Forensic experts describe finding human remains with “knotted loops of rope binding their wrists together behind their backs”
Somalilandsun – When heavy rains in 1997 exposed bones, ropes, broken skulls and torn pieces of clothing in shallow graves in Hargeysa, capital of the Republic of Somaliland, northwestern Somalia, it set in motion the rudimentary beginnings of an international investigation into alleged war crimes.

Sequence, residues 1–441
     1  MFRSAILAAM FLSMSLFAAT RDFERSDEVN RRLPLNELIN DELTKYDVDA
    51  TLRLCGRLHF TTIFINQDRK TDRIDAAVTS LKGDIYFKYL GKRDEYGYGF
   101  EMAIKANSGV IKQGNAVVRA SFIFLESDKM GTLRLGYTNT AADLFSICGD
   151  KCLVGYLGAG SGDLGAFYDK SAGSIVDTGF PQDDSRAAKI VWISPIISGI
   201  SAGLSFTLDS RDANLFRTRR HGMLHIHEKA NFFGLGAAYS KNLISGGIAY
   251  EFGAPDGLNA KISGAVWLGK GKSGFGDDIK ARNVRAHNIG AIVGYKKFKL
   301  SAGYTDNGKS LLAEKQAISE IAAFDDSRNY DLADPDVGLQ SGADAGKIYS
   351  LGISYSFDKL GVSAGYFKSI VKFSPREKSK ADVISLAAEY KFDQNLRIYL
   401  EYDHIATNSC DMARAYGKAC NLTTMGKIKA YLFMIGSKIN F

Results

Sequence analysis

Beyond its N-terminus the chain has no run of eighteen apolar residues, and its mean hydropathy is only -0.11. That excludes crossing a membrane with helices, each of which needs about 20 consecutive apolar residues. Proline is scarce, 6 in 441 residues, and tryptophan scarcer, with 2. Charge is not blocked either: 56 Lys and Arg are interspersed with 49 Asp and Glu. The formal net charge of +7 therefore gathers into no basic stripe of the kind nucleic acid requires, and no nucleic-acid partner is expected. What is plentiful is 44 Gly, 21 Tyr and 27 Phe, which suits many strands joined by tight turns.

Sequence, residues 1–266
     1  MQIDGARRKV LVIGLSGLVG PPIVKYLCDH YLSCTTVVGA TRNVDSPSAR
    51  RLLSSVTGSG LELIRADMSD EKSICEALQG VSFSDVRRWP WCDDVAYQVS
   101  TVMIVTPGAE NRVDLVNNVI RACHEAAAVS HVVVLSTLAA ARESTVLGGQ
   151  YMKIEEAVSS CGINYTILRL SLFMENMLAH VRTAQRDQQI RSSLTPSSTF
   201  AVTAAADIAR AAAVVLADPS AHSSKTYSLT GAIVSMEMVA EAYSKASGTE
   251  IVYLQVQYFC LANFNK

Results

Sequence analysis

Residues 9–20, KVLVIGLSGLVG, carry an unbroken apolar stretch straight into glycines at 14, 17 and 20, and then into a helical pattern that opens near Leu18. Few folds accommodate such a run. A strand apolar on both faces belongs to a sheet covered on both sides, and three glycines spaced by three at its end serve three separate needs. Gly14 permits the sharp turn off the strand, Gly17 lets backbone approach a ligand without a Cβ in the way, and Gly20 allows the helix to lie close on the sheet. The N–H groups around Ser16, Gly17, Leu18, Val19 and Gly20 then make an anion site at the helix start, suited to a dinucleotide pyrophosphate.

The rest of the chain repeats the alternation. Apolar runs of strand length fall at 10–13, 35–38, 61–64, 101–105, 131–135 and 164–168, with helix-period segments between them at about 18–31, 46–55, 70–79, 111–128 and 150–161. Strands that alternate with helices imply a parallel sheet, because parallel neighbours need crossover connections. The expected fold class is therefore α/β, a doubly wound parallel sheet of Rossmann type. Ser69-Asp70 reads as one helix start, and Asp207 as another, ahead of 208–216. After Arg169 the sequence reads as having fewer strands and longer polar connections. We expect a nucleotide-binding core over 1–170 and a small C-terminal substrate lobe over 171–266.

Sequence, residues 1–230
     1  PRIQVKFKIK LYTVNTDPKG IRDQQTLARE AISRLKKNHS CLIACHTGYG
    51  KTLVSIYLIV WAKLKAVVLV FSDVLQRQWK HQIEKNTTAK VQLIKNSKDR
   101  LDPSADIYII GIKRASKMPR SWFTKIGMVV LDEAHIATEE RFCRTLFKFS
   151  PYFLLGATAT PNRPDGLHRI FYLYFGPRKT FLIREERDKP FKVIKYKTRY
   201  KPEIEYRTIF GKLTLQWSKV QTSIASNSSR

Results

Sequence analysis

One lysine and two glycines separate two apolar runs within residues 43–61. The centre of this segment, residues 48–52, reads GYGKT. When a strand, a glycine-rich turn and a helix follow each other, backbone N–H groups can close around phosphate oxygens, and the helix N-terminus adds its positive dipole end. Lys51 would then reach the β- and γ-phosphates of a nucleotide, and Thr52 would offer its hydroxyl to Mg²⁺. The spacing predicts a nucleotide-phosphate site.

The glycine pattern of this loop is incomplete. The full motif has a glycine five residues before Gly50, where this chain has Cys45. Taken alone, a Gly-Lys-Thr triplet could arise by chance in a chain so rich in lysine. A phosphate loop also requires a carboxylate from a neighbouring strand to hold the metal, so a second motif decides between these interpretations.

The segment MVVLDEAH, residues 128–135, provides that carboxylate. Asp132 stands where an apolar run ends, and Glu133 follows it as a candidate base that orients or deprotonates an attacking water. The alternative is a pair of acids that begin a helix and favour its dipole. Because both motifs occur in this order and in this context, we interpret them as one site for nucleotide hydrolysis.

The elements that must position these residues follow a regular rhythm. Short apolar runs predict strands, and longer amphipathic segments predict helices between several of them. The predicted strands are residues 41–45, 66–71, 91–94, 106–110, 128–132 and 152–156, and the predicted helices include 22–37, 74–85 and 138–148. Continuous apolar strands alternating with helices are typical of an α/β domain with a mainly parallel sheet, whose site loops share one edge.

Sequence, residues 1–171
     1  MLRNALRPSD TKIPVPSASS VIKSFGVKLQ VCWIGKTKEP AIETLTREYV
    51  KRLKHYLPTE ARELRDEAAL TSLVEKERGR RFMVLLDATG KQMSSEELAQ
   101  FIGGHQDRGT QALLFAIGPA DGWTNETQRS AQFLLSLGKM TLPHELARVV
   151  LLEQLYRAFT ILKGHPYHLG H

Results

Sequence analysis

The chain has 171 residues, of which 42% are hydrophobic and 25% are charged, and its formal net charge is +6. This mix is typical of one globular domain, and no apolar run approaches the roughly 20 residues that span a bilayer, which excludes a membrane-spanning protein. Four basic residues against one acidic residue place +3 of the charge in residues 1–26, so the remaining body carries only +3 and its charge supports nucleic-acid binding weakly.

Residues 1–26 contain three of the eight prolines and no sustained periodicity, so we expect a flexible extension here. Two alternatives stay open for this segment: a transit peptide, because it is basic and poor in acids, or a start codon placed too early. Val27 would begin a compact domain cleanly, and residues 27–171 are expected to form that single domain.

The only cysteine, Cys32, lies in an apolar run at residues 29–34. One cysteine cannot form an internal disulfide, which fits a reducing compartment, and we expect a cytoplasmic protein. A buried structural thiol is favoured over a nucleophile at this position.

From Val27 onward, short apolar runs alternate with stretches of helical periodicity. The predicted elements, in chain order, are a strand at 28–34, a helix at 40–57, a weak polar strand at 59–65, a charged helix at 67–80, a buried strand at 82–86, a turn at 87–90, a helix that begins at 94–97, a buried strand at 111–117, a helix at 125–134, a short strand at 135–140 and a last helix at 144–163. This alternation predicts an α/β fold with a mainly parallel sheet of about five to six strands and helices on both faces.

At the request of an independent expert of the UN Commission on Human Rights, an international forensic team, provided by Physicians for Human Rights (PHR), came to Somaliland in December 1997. Two North American forensic experts were shown more than 100 alleged mass-grave sites. After preliminary investigations, the team reported that some of the sites did indeed exhibit characteristics of mass graves and contained evidence of gross human rights abuses. It recommended that the sites be preserved, and an international team of forensic specialists be authorised by the UN to carry out further investigations.